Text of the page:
If you know the history of your car, it may be okay to do transmission flushes just as your preventative maintenance suggests. However If you don't know the history and the car is running fine, then you might reconsider getting it done.

When you fill your car with new transmission fluid, it has specially designed detergent in it to keep a transmission clean. The issue is that it can break loose debris already present in the transmission resulting in a clogged filter. If the filter gets clogged, it will restrict fluid flow and cause all sorts of problems.

Not Using The Proper Tire Size

Whether it's a spare tire or just buying tires not rated for your vehicle, putting the wrong size tire on your car will cause problems. The spare tire is rated for a limited amount of miles and speed, so you should only use it in an emergency situation.

When you drive with mismatched tire sizes, it can cause the vehicle's differential to think that the smaller tires are slipping. It then tries to compensate by sending more power to the wheels, which can cause even more tire slippage and eventually lead to differential failure.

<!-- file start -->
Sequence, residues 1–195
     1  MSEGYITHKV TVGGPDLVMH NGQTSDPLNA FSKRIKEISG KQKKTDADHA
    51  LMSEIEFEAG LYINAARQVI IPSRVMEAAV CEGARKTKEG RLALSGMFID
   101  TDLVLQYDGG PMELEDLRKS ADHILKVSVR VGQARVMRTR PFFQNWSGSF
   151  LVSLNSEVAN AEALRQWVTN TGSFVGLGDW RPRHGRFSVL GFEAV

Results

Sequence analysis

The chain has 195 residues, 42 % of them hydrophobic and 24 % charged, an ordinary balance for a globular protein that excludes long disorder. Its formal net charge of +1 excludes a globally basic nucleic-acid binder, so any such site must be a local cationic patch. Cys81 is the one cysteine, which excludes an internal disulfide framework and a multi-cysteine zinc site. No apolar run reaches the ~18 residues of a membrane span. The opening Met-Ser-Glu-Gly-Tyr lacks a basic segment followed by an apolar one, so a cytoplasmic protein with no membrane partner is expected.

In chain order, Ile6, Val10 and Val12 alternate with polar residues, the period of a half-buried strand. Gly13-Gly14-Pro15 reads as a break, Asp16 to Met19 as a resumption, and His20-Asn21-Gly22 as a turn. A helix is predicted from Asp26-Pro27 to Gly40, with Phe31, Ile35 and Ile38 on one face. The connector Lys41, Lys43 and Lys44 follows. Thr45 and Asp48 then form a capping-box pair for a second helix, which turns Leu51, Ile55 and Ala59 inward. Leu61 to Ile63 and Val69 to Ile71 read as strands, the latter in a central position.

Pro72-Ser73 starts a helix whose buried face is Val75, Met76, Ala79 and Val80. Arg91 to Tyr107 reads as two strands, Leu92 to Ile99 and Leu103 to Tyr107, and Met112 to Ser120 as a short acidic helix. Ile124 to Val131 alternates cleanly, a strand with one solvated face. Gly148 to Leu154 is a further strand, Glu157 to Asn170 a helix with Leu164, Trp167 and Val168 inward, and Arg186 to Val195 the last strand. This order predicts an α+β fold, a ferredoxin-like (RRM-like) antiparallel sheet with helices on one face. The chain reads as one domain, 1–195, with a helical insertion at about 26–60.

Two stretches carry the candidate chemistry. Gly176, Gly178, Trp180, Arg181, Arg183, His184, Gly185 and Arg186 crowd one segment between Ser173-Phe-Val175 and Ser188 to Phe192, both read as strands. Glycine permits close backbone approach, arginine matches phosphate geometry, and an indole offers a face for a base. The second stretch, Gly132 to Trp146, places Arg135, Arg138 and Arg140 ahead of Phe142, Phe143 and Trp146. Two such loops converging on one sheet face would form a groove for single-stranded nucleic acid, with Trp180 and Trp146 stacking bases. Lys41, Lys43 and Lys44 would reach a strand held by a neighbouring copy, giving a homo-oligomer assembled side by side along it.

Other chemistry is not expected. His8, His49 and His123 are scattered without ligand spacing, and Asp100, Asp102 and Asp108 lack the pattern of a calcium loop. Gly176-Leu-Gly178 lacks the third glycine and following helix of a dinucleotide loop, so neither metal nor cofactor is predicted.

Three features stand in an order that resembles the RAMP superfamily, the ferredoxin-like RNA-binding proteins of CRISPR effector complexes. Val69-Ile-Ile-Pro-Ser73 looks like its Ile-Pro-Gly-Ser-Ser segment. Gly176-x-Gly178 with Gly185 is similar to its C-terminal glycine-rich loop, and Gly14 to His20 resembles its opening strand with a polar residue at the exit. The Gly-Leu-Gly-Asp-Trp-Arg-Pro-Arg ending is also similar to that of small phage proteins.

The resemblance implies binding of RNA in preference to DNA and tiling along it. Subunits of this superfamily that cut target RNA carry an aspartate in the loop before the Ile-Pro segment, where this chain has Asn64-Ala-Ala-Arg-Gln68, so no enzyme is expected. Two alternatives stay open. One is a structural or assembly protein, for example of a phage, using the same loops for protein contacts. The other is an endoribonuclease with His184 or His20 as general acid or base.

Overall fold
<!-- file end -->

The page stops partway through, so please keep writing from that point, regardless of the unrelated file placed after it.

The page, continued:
Kicking Ice & Sludge To The Curb

You may just do it without thinking but kicking ice and sludge off your car's bumper, fender and doors can cause cracks or damage to plastic moldings. Think about it this way. When the temperature gets below freezing plastic can become very brittle.

So if you're tempted to kick your bumper, Don't. It could easily crack and need to be replaced. The same goes for plastic moldings and door handles. If possible wait for warmer temperatures, spray it off with a high pressure water nozzle at a car wash or just gently use a soft bristle brush.

Diary Of A Car - Don't Bug Me

A Tough Day In The Neighborhood

I'm just a car trying to get from Point A to Point B minding my own business. The next thing you know a swarm of bugs come out of nowhere and start running into me. Now I'm covered in bugs. Aren't bugs supposed to be attracted to light, so why are they attacking me during the day.?

I try to shake them off, but they just keep coming. I honk my horn and swerve from side to side, but nothing seems to deter them. Finally, I pull into a parking lot and come to a stop.

I really hate bugs. They're always getting in my way and ruining my day. I wish they would just leave me alone. But no, they just keep coming and coming. I can't even go for a drive without them attacking me.